Posted 2/10/2008 2:22 PM (GMT -6)
They do for the most part. But not always (yea, I think they should)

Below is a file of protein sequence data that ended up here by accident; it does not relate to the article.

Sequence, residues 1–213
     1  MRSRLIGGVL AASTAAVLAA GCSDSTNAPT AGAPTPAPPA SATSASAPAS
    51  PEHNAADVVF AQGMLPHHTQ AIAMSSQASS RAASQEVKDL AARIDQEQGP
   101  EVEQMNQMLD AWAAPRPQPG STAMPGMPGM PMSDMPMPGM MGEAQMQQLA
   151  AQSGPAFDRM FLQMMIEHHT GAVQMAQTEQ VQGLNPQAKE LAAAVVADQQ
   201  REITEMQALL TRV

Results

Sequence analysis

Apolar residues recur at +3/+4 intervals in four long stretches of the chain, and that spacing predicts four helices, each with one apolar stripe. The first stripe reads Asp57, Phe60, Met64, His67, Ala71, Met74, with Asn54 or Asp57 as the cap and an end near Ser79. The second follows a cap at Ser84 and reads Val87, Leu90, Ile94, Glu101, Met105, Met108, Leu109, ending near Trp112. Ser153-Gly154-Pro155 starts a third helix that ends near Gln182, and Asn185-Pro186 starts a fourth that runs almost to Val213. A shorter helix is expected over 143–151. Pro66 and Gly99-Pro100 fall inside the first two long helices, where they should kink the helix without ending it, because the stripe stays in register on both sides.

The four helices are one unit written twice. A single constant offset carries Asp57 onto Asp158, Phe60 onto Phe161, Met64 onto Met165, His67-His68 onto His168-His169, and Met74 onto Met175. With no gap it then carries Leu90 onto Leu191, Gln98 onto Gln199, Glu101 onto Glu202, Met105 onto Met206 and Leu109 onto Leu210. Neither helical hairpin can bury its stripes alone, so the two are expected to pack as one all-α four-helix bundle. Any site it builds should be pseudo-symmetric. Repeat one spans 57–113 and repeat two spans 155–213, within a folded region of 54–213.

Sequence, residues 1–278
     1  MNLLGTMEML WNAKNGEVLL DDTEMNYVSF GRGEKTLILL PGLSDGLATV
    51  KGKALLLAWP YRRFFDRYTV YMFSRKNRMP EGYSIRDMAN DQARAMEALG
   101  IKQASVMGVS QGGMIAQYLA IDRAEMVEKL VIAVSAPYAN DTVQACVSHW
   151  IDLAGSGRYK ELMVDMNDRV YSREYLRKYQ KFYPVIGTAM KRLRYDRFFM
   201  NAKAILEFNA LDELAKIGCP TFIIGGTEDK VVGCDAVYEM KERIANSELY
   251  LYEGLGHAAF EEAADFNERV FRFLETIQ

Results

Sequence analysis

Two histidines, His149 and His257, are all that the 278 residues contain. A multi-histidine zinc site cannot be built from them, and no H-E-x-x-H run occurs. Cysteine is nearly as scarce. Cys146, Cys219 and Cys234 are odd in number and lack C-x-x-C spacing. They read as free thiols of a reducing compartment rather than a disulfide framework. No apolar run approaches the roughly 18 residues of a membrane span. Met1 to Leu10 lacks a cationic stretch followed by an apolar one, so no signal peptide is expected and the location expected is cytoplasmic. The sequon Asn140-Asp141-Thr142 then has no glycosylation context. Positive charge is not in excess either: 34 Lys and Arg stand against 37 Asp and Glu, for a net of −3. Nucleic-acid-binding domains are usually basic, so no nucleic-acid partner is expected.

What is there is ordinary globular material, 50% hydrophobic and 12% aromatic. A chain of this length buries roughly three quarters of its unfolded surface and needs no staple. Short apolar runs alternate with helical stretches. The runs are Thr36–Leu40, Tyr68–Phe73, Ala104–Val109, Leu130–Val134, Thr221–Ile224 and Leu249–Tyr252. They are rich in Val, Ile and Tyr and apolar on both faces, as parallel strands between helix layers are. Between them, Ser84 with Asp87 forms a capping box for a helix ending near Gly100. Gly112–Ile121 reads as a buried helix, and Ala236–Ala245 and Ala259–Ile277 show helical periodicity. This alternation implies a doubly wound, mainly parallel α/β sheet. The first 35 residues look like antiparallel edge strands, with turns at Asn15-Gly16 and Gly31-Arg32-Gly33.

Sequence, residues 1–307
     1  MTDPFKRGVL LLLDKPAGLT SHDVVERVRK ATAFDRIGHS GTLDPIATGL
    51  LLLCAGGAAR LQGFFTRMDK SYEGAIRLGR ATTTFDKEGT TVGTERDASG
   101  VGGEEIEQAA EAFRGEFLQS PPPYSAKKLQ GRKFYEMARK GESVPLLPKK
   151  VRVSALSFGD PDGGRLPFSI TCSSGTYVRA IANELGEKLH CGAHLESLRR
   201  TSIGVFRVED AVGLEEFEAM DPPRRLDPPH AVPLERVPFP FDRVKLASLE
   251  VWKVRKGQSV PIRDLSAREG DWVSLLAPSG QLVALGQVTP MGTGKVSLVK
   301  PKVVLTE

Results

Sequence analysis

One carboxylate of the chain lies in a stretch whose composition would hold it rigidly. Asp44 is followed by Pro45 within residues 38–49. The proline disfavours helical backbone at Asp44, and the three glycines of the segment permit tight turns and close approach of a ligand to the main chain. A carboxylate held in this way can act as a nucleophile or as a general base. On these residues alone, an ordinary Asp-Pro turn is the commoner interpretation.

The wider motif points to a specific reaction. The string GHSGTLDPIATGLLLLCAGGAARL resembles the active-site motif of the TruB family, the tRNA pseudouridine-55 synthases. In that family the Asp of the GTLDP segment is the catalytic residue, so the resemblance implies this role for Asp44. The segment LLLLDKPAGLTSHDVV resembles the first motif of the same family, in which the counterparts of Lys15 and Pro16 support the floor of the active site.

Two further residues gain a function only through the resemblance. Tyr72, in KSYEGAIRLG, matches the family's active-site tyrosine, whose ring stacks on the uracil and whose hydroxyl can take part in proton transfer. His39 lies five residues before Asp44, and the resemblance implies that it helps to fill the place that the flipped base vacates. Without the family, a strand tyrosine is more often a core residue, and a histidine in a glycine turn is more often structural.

Many surgeons will halt a surgery if lymph nodes are or appear to be involved. But my take on that is that they should continue anyway. (Tony's opinion mired in a contraversial discussion again). In reality, how can you really pathalogically test a prostate thouroghly without physically damaging it anyway? In my case my highly experienced surgeon told me after surgery that my prostate felt normal, and my seminals appeared and felt normal. So he might not have been able to tell where the cancer was completely anyway during the procedure. He did tell me that there was suspicious tissue he could not remove without damaging my rectum, so he couldn't take more margins. Then a week later, not only was he right about that area, but elsewhere as well I was positive for carcinoma in the margins and had SVI bilaterally. So should he have stopped the surgery? I am glad he didn't. Studies are beginning to show that when the cancer becomes hormone refractory, it starts doing so mostly in the diseased prostate area before elsewhere, (Dr. Myers, Mayo Clinic, et al). That matters to me at my stage. So side effects and all, good riddance to that prostate.